Atrioventricular Heart Block

Third-Degree Atrioventricular Block. Heart block occurs when slowing or complete block of this conduction occurs. Traditionally, heart block can be divided into first-, second-, and third-degree block. eMedicine.

Cardiogenic Shock

Cardiogenic shock is a condition in which your heart suddenly can't pump enough blood to meet your body's needs. The condition is most often caused by a severe heart attack. Mayo Clinic.

Cardiac Tamponade

Cardiac tamponade. Cardiac tamponade is the compression of the heart caused by blood or fluid accumulation in the space between the myocardium (the muscle of the heart) and the pericardium (the outer covering sac of the heart). Medline Plus.

Diastolic Dysfunction

What is diastolic dysfunction? Diastolic dysfunction is abnormal function of the heart during its relaxation phase, between beats, called diastole. While the heart's ability to contract and pump blood may be maintained, its ability to relax and fill with blood is compromised. Sharecare.

Cardiac abnormalities in adult patients with polymyositis (PM) or dermatomyositis (DM) as assessed by non-invasive modalities. Patients with PM or DM had an increased prevalence of cardiac abnormalities compared to healthy controls and left ventricular diastolic dysfunction was a common occurrence and correlated to disease duration. PubMed, Arthritis Care Res (Hoboken), 10/26/2015. (Also see Dermatomyositis and Polymyositis)

Left atrial (LA) dysfunction detected by speckle tracking in patients with systemic sclerosis (SSc). 2D speckle-tracking echocardiography is a sensitive tool to assess impairment of LA mechanics, and may represent an early sign of cardiac involvement in patients with systemic sclerosis. PubMed, Cardiovasc Ultrasound, 2014 Aug 5;12(1):30.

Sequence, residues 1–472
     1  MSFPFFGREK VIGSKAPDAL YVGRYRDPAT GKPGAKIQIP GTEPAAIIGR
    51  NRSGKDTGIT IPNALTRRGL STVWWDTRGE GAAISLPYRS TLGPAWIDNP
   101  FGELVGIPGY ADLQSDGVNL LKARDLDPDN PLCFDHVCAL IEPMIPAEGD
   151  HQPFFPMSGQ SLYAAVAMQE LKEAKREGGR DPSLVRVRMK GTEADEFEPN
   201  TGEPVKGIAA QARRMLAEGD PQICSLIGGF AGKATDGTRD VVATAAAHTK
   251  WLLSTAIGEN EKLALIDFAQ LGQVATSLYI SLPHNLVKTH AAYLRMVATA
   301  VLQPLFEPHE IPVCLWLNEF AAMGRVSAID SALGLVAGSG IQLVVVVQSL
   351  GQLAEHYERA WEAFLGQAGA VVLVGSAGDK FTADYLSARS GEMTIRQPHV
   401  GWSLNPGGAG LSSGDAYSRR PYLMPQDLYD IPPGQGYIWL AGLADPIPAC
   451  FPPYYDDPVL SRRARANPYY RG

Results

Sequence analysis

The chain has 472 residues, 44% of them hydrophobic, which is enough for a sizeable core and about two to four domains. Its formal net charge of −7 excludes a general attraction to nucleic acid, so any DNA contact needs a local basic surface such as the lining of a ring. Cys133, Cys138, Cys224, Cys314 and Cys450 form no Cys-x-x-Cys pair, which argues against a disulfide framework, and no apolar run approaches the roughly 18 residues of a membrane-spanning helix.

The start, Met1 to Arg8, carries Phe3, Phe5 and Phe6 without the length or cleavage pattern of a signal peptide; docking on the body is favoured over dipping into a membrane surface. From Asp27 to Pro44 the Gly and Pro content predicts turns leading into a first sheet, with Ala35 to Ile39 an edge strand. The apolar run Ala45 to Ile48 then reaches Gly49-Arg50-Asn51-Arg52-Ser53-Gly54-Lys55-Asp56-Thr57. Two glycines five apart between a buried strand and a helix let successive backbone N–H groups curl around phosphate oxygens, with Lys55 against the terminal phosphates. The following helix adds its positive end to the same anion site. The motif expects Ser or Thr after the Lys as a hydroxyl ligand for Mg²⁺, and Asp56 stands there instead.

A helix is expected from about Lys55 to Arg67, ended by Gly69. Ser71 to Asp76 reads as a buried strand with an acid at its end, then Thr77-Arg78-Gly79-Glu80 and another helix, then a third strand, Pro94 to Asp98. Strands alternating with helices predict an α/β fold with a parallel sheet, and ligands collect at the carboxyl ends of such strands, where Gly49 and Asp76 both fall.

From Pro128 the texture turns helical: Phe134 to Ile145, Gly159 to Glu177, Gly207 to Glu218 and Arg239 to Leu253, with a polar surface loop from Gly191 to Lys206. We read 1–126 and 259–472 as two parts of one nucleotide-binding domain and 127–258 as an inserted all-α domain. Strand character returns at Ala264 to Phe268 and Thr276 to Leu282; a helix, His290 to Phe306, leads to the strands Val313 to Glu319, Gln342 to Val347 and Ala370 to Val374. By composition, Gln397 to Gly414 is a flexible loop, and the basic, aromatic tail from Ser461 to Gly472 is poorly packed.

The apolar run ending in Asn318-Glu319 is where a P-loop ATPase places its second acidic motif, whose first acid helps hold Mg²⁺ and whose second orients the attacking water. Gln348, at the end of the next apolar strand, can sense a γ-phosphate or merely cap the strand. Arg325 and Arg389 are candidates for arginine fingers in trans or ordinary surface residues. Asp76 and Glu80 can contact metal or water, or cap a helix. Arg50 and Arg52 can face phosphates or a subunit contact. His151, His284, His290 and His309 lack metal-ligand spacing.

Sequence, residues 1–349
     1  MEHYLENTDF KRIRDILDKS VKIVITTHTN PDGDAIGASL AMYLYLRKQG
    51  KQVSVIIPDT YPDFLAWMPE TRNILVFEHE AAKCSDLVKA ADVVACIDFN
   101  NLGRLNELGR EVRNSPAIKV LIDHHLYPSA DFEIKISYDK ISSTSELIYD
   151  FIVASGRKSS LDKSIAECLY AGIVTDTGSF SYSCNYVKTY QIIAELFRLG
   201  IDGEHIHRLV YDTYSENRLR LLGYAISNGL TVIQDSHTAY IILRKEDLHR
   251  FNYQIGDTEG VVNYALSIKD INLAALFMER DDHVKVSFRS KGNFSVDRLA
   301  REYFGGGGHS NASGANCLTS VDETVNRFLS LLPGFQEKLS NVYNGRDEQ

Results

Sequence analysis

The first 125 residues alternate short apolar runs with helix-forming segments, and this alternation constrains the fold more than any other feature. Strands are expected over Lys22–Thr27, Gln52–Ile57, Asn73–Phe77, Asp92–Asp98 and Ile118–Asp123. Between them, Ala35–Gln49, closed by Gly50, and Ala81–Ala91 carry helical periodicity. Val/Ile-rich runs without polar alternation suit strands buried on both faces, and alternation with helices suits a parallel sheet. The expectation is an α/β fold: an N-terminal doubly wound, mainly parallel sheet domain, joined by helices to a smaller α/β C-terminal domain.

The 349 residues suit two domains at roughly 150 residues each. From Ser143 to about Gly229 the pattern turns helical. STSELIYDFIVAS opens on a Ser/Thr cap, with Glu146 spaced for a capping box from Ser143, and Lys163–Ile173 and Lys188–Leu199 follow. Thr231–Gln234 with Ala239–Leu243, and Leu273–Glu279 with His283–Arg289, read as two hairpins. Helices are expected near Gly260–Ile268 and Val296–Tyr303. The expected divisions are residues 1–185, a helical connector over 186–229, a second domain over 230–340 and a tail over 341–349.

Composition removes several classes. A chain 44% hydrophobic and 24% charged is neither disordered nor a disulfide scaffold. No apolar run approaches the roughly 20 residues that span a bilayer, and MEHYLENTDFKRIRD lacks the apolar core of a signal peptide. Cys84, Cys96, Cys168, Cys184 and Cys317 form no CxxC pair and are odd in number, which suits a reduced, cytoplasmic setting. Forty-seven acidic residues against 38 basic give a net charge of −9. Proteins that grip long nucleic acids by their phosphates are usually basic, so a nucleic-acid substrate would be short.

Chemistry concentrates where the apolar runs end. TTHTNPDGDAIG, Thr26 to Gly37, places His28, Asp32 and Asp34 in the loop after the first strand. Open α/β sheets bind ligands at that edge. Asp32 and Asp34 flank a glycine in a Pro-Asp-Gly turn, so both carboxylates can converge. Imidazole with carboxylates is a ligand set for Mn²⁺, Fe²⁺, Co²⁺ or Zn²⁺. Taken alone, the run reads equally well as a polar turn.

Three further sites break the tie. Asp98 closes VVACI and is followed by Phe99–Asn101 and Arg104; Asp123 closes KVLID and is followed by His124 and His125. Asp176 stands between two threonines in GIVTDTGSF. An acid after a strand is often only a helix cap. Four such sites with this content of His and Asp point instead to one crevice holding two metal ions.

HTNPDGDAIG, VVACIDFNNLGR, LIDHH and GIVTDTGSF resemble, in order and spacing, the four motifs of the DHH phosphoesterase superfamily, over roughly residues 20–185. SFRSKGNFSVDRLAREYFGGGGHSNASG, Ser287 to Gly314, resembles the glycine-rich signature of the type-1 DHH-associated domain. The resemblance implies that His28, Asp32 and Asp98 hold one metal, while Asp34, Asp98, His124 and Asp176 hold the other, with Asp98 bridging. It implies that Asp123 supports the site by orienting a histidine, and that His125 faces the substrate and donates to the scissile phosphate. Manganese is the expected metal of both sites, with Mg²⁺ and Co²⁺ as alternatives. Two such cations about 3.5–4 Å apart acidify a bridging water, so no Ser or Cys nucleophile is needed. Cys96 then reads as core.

Macrovascular Disease

Macrovascular Disease In Systemic Sclerosis (SSc). This study showed an increased intima-media thickness (IMT) in SSc patients compared to healthy controls. Though no differences were seen in traditional risk factors, a subanalysis showed an increased prevalence of a positive family history of cardiovascular disease in the SSc patients with increased IMT. Therefore, besides the vasculopathy, traditional risk factors appear to play a role in the prevalence of atherosclerosis in SSc patients. M. E. Hettema. AB0505 EULAR 2007.

Myocardial Infarction

A myocardial infarction is a heart attack. It occurs when the blood supply to part of the heart muscle itself (the myocardium) is severely reduced or stopped. Primary myocardial involvement is common in systemic sclerosis.

Evaluation of early myocardial damage in systemic sclerosis (SSc): a cardiovascular magnetic resonance study. Scleroderma patients with no cardiac symptoms and preserved left ventricular size and function have nonetheless cardiac involvement, which can be detected with conventional T2 weighted and LGE imaging. Journal of Cardiovascular Magnetic Resonance, 2015, 17 (Suppl 1):P264.

Skeletal Myopathy

Cardiac troponin testing in idiopathic inflammatory myopathies and systemic sclerosis-spectrum disorders: biomarkers to distinguish between primary cardiac involvement and low-grade skeletal muscle disease activity. Within these two conditions, traditional skeletal muscle enzyme testing may not effectively distinguish between skeletal and cardiac muscle involvement, especially in patients with subclinical cardiac disease. PubMed, Ann Rheum Dis. 2015 May;74(5):795-8. (Also see Myositis)

Go to Diagnosis of Scleroderma Heart Involvement